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It is quite obvious how the Banded Orange Tiger got its name. From Brazil through Central America to central Mexico, this butterfly is essential to the eco system as a primary pollinator.

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The Palos Verdes Blue is the rarest butterfly in the world. Presumed extinct until 1994, when researchers discovered a population in San Pedro, California. A breeding program was initiated and seems to be successful, but there are still only several hundred in the wild.

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The little Question Mark Butterfly hangs out in any area that has lots of trees and space. The name comes from the silver mark on the underside of the hind wing, which is broken into two parts, a curved line and a dot, creating a ?-shaped mark.

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One of Australia’s largest butterflies, the Richmond Birdwing has experienced a severe decline in numbers in recent years, thanks to habitat destruction, drought, and invasive species of vine, which causes 100 percent mortality rate among the Richmond Birdwing’s larva.

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Found almost exclusively in the dark shady forests of Singapore’s nature reserves, The Saturn Butterfly’s drab and cryptic undersides help camouflage it among the forest leaf litter while they forage for food.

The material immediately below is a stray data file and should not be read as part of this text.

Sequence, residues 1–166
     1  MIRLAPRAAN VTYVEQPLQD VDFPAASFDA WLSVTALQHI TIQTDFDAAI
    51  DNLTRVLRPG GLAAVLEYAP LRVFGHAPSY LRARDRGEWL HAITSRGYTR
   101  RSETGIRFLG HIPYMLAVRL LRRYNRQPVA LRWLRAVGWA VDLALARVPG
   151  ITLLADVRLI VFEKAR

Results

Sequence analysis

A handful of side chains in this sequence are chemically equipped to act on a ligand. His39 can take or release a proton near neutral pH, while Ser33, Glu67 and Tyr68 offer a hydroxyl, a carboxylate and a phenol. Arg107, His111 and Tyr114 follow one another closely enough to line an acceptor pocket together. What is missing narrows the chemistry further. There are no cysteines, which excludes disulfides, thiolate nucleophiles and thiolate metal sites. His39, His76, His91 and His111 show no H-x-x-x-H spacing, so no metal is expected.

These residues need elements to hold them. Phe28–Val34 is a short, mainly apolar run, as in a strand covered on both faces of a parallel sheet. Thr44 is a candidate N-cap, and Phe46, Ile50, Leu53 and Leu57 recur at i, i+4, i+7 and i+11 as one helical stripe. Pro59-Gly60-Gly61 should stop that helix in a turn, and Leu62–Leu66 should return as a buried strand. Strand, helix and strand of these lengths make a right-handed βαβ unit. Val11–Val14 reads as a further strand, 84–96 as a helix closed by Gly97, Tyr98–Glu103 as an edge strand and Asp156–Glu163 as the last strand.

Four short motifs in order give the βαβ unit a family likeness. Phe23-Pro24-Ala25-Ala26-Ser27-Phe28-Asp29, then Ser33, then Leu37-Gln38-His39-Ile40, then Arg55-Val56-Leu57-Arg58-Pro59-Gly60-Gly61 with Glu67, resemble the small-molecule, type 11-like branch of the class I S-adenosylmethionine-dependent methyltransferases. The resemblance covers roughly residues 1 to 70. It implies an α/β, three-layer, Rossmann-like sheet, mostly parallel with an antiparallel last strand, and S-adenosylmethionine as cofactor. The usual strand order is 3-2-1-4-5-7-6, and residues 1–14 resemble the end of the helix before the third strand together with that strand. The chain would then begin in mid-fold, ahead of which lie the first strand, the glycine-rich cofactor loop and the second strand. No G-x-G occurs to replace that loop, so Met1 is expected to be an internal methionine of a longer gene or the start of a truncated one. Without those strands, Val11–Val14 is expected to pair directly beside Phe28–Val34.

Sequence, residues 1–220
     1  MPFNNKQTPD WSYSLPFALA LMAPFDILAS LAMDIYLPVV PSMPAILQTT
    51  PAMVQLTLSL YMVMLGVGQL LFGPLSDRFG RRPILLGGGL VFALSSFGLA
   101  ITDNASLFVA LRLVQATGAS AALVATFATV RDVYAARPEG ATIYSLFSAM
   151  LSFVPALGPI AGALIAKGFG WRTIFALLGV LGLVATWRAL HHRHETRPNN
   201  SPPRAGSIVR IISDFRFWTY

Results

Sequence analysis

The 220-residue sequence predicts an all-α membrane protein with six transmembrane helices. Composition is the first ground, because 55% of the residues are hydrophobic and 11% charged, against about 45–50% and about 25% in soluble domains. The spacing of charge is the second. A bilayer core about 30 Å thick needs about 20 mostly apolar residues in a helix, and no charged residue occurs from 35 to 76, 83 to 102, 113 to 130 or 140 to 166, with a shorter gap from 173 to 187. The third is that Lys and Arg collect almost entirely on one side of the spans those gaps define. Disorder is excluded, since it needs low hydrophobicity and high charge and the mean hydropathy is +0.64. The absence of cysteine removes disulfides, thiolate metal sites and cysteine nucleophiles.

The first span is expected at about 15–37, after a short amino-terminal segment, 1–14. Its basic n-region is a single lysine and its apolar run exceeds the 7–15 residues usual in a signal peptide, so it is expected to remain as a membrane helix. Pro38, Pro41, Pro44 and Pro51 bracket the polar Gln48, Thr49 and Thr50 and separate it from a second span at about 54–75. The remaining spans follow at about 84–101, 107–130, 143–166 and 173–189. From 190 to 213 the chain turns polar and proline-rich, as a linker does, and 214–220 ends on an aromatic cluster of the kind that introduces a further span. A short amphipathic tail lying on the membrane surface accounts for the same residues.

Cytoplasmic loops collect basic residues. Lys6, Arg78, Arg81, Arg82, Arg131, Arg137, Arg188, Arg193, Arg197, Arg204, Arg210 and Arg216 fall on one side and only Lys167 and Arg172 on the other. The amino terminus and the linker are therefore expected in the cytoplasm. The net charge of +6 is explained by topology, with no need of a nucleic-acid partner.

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The Schaus’ Swallowtail (or Island Swallowtail) is found in southern Florida with subspecies in the Bahamas, Hispaniola, and Cuba. It is named in honor of William Schaus.

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The Spicebush Swallowtail prefers marshes, bogs, swamps and agricultural areas for its prime habitats. Sadly, such places are often subjected to development or suffer from an intensive use of herbicides and pesticides.

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The Wallace’s Golden Birdwing is named after British naturalist Alfred Russel Wallace, who discovered the species in 1859. They live in the lowland areas of the Maluku Islands in Indonesia. Sadly, the area is suffering from an increase in logging, resulting in widespread destruction of its habitat.

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If you want to take part in preserving such wonderful creatures from extinction, please visit butterflyrecovery and learn how you can help.